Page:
When I talk to graduate students, I spend a bit of time trying to describe the balance that people need to find for themselves because each person, I believe, balances things somewhat differently. My previous advisors worked all the time. When I trained in their lab and I observed them, I was looking at them working all the time and I was wondering if that is what I want to end up doing in my own life. At some point, clearly the answer was no. One of my former advisors said “I have not taken a day off in the last five years and I’m going to take one day off on Christmas this year”, and I looked at him, thinking that I do not really know - is it really worth whatever it is that this person is doing work every single day of their life and have never taken a day off. Of course, as expected, the person is extremely successful. However, what you see, at least in their generation though, is that there are a lot of people who have had a very difficult family life. They were essentially working all the time and their family never saw them.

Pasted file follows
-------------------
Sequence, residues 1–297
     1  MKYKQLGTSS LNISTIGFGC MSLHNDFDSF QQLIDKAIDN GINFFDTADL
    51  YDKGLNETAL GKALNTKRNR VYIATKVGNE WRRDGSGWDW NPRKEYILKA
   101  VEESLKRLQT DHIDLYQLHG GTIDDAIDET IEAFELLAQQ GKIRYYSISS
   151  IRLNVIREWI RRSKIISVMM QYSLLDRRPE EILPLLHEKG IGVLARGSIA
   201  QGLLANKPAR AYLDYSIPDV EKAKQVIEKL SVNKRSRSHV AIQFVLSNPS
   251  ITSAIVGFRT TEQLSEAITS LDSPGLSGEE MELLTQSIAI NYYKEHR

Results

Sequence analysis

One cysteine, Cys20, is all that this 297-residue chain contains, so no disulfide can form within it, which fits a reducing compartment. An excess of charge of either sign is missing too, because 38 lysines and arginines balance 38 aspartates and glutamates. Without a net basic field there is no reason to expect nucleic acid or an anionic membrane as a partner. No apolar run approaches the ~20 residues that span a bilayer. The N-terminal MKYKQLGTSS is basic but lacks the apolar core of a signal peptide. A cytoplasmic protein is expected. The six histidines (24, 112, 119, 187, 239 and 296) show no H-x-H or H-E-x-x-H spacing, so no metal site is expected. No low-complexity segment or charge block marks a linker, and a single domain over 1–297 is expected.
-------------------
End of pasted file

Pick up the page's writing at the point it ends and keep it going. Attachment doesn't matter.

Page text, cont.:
My generation of physician-scientists has started to become disillusioned by what that work-life situation is and to start wanting more of a balance. For the people who make the decision to have more of a work-life balance, you are clearly trading off publishing as many papers. You’re not going to rise in academic rank as quickly. You may not be getting all these honors or the awards of this and that, but you have an intact family. Your children get to spend time with you and see you. They know who you are and grow up with a good relationship because you only get to see and spend time with your own children for a relatively small amount of time in their entire lifespan. While it may seem like 18 years is a lot, they grow so fast, and, before you know it, they are gone. My older daughter, who is now about to graduate from college, kind of came into our existence, then went off to college as if it just happened overnight. I’m glad now that I was able to watch them grow up and do as much as I can with them while keeping up with what I need to do at work, without having to sacrifice too much. There is a lot of flexibility with your day to day when you do research. This is one thing that I always tell trainees to think carefully when deciding between a clinical vs. a research career. As a clinician, you just have to be there in the hospital physically; patients need to see a person, so you don’t have much flexibility time-wise. This is one of the main reasons I didn’t choose to become a full-time clinician. It’s also one thing that I feel people undervalue in terms of an academic career vs. other careers such as in industry or government.